Everyday Heroes

I Am Not Invisible: Women Vets Get Recognition

Photo shoots around the country highlight women who served -- and their stories.


There are roughly two million women veterans in the U.S., or about ten percent of the veteran population and growing. But let's face it, a lot of people still think of the military world as a guy's realm. And a lot of female vets will tell you they don't get the recognition they deserve.

That's the impetus behind the "I Am Not Invisible" photography project . Originally developed by the Oregon Department of Veterans Affairs, the campaign is travelling from state to state, taking pictures of women vets and sharing the photos and their stories on social media and in exhibits. Marine Tami McVay of Denver talked about what being recognized as a military woman meant to her:

"People made assumptions. I had to really stand my ground and command that respect." - Tami McVay, Marine Corporal (ret.)

"We want people to see what a woman veteran looks like," Gene Russell, the photographer for the U.S. Secretary of Veterans Affairs told the Pittsburgh Post-Gazette . "She looks like your mom, your sister, the woman down the street." Russell has done 30+photo shoots involving hundreds of women, including one shoot in Pittsburgh that will go on exhibit November 6 at the Sen. John Heinz History Center.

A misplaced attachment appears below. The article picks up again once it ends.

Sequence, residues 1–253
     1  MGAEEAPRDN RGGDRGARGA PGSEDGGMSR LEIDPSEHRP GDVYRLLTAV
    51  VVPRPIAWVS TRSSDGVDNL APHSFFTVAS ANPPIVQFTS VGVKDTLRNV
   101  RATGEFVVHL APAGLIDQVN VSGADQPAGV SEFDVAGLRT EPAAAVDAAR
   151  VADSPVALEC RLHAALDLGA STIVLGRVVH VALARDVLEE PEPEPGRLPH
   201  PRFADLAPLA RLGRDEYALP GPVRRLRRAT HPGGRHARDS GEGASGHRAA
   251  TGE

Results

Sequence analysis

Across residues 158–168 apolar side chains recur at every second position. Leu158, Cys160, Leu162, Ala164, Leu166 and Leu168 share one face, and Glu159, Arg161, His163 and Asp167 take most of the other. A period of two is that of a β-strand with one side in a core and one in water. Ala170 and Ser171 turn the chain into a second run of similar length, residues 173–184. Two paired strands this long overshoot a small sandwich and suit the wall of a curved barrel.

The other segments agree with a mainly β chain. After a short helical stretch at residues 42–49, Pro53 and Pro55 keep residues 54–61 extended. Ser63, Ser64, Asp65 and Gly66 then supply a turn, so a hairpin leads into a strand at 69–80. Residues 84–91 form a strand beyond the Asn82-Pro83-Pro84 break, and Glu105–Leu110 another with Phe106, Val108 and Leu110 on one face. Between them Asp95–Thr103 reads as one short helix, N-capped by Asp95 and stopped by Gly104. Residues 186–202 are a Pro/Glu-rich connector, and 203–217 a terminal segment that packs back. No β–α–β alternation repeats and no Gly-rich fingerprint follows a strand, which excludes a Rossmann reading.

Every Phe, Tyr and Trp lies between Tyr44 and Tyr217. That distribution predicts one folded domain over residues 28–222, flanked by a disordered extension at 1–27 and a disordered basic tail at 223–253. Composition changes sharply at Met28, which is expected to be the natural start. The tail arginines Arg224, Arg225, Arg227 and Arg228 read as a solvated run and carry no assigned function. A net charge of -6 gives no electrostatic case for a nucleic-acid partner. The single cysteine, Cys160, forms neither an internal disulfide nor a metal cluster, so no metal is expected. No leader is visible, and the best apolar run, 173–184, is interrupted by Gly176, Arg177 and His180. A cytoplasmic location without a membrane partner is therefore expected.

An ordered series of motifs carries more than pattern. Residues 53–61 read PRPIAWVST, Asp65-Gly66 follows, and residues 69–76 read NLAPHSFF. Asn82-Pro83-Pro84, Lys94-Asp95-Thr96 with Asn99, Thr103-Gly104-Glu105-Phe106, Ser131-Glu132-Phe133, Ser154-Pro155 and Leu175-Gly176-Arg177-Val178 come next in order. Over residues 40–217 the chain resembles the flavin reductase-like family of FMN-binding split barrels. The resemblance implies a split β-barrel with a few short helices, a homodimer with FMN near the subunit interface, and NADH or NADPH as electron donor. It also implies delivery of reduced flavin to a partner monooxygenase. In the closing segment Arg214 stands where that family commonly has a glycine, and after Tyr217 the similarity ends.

According to the Center for Women Veterans Facebook page (where you can see photos from the shoots) the campaign aims to increase awareness and open viewers' eyes to the contributions, needs, and experiences of women who have served in the military. Women vets have reacted with excitement to the idea.

The Center for Women Veterans just added the pictures from Pittsburgh to their Facebook page , along with photos taken recently in Niagara Falls and a shoot that included female vets of Native American descent.

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